By Mark Dempsey
One of my family members came to the end of her rope, living in her car in a cold out-of-state winter. She’s not evil, or an aggressive panhandler. In fact, she was employed as a bookkeeper until a DUI and other events prevented her from getting a job. Our family sent money, but she drank it up. She eventually found inexpensive housing, and Medicaid to treat the knock-on effects of her drinking. We believe she’s sober now, but can’t be certain. Meanwhile, the rest of the family attended Al-Anon meetings–Al Anon is AA for family members of alcoholics–and got something like a spiritual awakening as a consequence. I’d recommend Al Anon to anyone.
The U.S. currently has more vacant houses than homeless people, so homelessness exists as a matter of public policy, not some economic shortfall, or a moral failing of the homeless themselves. The U.S. epidemic of homelessness actually began when the Kennedy administration decided to close the large “One-Flew-Over-the-Cuckoo’s-Nest” Federal institutions, substituting smaller, transitional housing within communities. In California, then-Governor Ronald Reagan also closed or scaled back funding for California’s large asylums besides cutting HUD’s affordable housing budget by 75% when he was president.
Then these government entities betrayed the mentally ill, not funding the transitional housing. Daniel Patrick Moynihan condemned it as the most shameful episode in his life of public service. Meanwhile, mentally ill people were effectively dumped on the streets. No, not all homeless are mentally ill, but this betrayal was a start for the problem.
Any population is going to have a certain portion of deviants, mental illness, and addiction. A recent Scientific American reports that deviants are a larger portion of families of the truly innovative and creative thinkers too, so the idea of simply eliminating them is counter-productive, never mind inhumane.
The real question is how we’re going to manage deviance. So far, sweeping the problem under the rug seems to be the preferred solution. My County Supervisor (Sue Frost) recently wrote to praise the effects of anti-camping ordinances, as though we can prevent mental illness and financial abuse that evicts people from their homes by denying the homeless whatever modest refuge they have managed to scrape together. This is not only heartless, it’s ineffective, and far more expensive than the actual remedies.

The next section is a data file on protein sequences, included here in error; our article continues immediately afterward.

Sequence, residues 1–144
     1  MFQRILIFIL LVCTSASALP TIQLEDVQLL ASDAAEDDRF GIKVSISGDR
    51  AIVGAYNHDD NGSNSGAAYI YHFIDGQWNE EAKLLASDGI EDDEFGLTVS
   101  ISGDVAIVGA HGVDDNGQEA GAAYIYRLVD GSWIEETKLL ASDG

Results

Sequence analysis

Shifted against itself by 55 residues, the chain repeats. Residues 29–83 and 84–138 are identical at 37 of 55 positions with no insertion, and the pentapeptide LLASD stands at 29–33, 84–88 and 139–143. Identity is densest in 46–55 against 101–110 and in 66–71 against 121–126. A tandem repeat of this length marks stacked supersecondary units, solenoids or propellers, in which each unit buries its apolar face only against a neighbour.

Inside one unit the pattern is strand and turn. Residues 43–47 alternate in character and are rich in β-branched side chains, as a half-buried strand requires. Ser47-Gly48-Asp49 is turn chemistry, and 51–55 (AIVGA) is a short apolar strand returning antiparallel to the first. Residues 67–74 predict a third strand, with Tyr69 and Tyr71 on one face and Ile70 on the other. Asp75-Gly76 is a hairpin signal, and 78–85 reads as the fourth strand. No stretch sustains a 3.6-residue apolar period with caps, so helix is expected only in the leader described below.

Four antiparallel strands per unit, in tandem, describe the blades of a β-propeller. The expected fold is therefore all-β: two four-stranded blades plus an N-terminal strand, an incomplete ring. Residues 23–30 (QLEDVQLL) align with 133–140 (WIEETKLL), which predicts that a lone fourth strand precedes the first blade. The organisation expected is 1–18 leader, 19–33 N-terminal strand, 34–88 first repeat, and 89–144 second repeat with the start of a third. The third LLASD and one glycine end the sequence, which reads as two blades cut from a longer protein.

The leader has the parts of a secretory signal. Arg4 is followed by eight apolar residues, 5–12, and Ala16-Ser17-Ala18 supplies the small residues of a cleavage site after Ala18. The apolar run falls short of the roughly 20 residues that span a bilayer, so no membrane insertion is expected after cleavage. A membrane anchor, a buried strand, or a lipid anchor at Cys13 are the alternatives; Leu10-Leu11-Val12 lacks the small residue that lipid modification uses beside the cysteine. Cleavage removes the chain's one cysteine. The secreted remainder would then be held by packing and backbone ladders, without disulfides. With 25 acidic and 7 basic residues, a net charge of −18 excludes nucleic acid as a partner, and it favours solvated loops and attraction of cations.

But the American cult of vengeance will have its pound of flesh, insisting with medieval logic that homeless people have deserved their punishment. Incarcerating people for the crime of poverty is commonplace now, too. With only five percent of the world’s population, but 25% of its prisoners, the U.S. leads the world in incarceration. In per-capita terms, that figure is seven times more than the demographically-identical Canadians. So…does Canada have seven times more crime than the U.S? Answer: no; about the same.
Incarceration is not a cure for addiction, either, nor does it “scare addicts straight.” Actual medical treatment (rehab) has much better outcomes and is about one seventh the cost of incarceration.
The U.S. leads the world in medieval thinking, dealing with our population’s illnesses by funding punishments rather than treatment. One has to ask who the real crazy people are here, the homeless or the upstanding citizens who believe punishment cures illness. What’s next, jail time for diabetes?
Several communities have discovered that it’s actually cheaper to provide homes for such people rather than to use police to evict them from their camps, and emergency rooms to treat their illnesses. Finland has actually reduced its homeless population significantly with this “housing first” policy. We can do it too. Let’s.
Originally published on the Its Simpler Than It Looks Blog